Out for Breakfast
Today we were on our own, we got up early and went to a restaurant called Chepiche Cafe. The people we met from Houston on our city tour said it was really great for breakfast. We took a taxi as it was quite a distance from our hotel. We were approaching the area when the driver tried to go up a side street and a garbage truck was coming down. He had to back out of the street and try another street, but we could see there were blockades so then he let us out and said we had to walk the rest of the way. It was a beautiful morning so we didn’t mind. It wasn’t that far away – around the corner and down a side street. It was a very nice setting with an open-air roof and lots of trees and plants.
Unfortunately, Shawn was not feeling that well, therefore we opted to share a pancake and egg dish. We didn’t have a long wait and we were soon finished and on our way again. We walked back to where we were dropped off and found another taxi.
The driver took us to the city center but dropped us off at the wrong museum. It was still early so that museum wasn’t even open. We wandered around trying to navigate with our phones but then finally asked several people and finally arrived at the museum. It should have been easy to find but we didn’t realize it was connected to Santo Domingo de Guzman, one of the principal churches in Oaxaca.
The Guelaguetza Festival
There was not much chance we were going to get into the museum. The next time it would open would be our last full day in Oaxaca. We wandered around watching all the people. Some were dressed in their native dresses. Here is some information about the festival that was going on that week – The Guelaguetza was a Zapotec celebration of their corn goddess Xilonen. The word Guelagutza means, “offering” in Zapotec. The character seen around the city represents the theme of the festival. The festival features traditional costumed dancing, parades of indigenous walking bands, native foods, and statewide artisanal crafts. The festival lasts two weeks and the first week coincided with our vacation. Saturday night was when all the indigenous cultures joined together at the auditorium to present their unique dances.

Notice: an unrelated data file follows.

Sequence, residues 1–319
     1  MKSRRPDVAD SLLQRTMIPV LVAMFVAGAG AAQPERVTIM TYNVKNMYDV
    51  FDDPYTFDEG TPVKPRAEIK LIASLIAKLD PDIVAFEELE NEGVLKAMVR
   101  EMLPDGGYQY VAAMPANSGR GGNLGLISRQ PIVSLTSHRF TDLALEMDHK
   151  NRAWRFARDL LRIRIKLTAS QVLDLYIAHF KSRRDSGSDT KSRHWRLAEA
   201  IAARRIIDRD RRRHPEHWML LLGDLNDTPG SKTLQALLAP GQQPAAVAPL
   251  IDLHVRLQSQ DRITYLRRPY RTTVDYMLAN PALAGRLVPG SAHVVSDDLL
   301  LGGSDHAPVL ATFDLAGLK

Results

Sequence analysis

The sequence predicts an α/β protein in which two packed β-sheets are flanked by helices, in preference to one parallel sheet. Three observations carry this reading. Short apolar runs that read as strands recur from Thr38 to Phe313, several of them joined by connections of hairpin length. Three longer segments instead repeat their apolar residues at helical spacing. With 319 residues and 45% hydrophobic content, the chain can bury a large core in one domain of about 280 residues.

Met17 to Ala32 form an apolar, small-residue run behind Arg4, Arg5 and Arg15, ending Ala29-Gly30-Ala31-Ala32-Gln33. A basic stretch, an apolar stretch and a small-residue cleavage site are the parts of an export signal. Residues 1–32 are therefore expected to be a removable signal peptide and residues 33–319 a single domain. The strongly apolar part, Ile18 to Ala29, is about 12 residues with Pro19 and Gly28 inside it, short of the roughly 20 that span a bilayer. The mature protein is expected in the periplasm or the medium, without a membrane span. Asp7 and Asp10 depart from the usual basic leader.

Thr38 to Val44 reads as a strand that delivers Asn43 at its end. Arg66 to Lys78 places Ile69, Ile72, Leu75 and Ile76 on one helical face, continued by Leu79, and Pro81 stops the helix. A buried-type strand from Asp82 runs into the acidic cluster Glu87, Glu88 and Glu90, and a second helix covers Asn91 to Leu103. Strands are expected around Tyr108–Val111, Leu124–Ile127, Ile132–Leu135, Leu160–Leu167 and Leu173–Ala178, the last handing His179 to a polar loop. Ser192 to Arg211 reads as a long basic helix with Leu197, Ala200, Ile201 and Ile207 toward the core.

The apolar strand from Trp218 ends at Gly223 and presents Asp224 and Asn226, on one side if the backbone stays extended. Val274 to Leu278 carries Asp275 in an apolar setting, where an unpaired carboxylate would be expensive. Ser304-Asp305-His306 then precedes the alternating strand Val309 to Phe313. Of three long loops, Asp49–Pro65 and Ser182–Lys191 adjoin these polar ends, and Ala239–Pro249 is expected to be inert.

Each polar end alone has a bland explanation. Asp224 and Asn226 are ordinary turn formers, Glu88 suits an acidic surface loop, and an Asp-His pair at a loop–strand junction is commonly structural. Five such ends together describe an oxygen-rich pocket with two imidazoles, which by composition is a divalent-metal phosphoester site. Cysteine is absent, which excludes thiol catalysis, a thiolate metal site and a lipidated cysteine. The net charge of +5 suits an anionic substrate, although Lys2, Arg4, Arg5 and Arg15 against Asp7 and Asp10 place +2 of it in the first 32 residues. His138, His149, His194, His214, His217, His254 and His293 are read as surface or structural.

The festival was probably the main reason so many people were lining up to see the Cultural Museum. It was interesting walking around and seeing how the people dressed and watching small groups parading.
It was getting close to noon so Shawn looked at his best restaurant list and we chose another of the top ten restaurants for lunch, but it was about 15 minutes away. We began walking, although we soon realized that people were lining up on both sides of the streets and pretty soon it was impossible to get through the crowds. It was obvious that a parade was going to make its way down the street. We politely pushed our way through to go back and crossed several streets until we escaped the huge mass of onlookers. Shawn remembered a restaurant that was close by. It was called the Cathedrale Restaurant. It was also on his top ten list. We walked in and easily procured a table. When the waiter arrived, we asked to see the lunch menu, but regrettably, they weren’t serving lunch until 1 pm. Shawn decided on enchiladas and I ordered an omelet.
After our lunch, we thought it best to walk back to the hotel. We did enjoy walking down the streets and doing some souvenir shopping along the way. I found a special friend and had my picture taken next to her.
We arrived at the hotel just in time to see the manager getting into a taxi. She was going to the auditorium to see the folk dancing, one of the highlights of the festival. We were exhausted after all our walking and just wanted to rest and relax!
After a few hours of rest, it was already time to go out for dinner. We came upon an Italian restaurant that was only a block or so from our hotel. We decided to take a chance and stepped inside. It was very small and rustic looking. We were the only ones there. The waitress led us to a table and brought the menus. Shawn and I both decided on pasta and an unusual drink with pineapple and tamarindo. The pasta and homemade bread were delicious! We treated ourselves by sharing a tiramisu. All in all, it was one of the better restaurants and NOT even on the list! The restaurant actually had only been open for just two weeks.
With such a satisfying meal, it was time to go back to the hotel and think about our excursion the next day to the traditional Sunday market at Tlacolula.
Take a look at the next blog as we stroll through one of the oldest continuous markets in Oaxaca and across Mesoamerica.